Airbnb Guest from Hell Blackmails Host to Not Pay Damages

I was a host for five years and didn’t have a singe issue with tenants, but still, a guest from hell arrived to rent a room in my beautiful apartment. He violated all the rules of my home immediately. He smoked cigarettes and then weed day and night. He slammed the doors 24/7. He was extremely dirty and the apartment had a horrible smell.

Then he claimed he had a medical prescription to smoke weed. He informed me that he arrived in my city to see a psychiatrist, as he was ‘crazy’. He showed me other medicine he was taking. The man was very tall and huge, triple my size, and he was screaming and shouting. He was throwing his things against the wall.

I thought I was in a horror movie. I was absolutely terrified and scared for my life as a single female being in the house with him. I contacted Airbnb and they told me that they were cancelling this reservation. However, they couldn’t “reach” the tenant and it was I who had to inform him, evict him, and to involve police. They washed their hands of it, leaving me by myself with an aggressive man who was threatening me and refusing to leave.

That was not the end of it. Airbnb sent me two emails informing me about their Million Dollar Guarantee, probably expecting me to claim a lot (fortunately, nothing was damaged). At the same time, in a third email Airbnb immediately accused me – instead of apologizing for their total lack of help to evict this tenant from hell – by issuing me a warning that my email to the customer service was discriminating.

Just to clarity, in my email I simply asked them how they ensured the safety of hosts because people who have mental issues of such proportions get on the platform. What policy is there in place to protect the hosts? Apparently hosts cannot ask valid questions like that, or they are shut down immediately as it is deemed “discrimination” by Airbnb. They even sent me a link to anti-discrimination policy.

What a scam. They lie in all their communications. They abuse and effectively blackmail hosts – preemptively – to ensure no claims for damages are filed, and so they don’t pay. When I asked what action they did take against the tenant, they didn’t give me any details; as per their policy, it’s an “internal” matter. They do what they want and how they want, as long as these guests from hell pay them commissions.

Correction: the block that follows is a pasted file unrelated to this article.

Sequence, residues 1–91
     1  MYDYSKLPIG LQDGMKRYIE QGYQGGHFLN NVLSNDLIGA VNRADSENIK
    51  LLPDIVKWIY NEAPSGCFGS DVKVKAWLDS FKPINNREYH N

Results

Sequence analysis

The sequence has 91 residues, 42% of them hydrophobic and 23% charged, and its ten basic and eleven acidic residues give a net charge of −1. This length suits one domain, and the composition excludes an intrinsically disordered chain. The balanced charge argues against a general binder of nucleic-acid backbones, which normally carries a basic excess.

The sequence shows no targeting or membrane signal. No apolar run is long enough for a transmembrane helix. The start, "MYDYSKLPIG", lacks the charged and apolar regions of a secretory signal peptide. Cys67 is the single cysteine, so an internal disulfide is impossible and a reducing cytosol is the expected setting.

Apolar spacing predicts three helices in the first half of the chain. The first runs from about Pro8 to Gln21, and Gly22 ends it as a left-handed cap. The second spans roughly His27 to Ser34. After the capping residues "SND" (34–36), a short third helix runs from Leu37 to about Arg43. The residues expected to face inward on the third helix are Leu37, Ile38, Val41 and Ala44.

Airbnb really scams hosts because they provide no guarantees for safety and security for our homes. Even if Airbnb covertly turns our homes effectively into asylums for mentally ill people, it’s okay because Airbnb can still make some money off it. They don’t care about hosts, just use and abuse us to make commissions. I really can’t wait till they file for IPO as then all their scams and abuses will explode right in their face, and the market will punish their abuse immediately. Airbnb won’t be able to avoid class action lawsuits at that point.

Posted in Airbnb Host Stories and tagged , , , , , .


  1. Unfortunately being a host means we have to take care of the safety and security aspect on our own.

    I have been in a similar situation where Airbnb could not reach my guest who broke the house rules immediately. I live at the same property, and told him to leave on my own and there were no issues.

    I get your guest may have been more of an issue and I get why you would not want to confront him, but unfortunately Airbnb does not have staff that will come to your house and remove a guest for you. They do their part and try to contact the guest, but if they can not get in contact, their hands are tied. As a host that is now your job to step in and ask them to leave. In your case, you were uncomfortable stepping in due to safety reasons (which I totally understand). The next best option would have been to contact police to have him removed.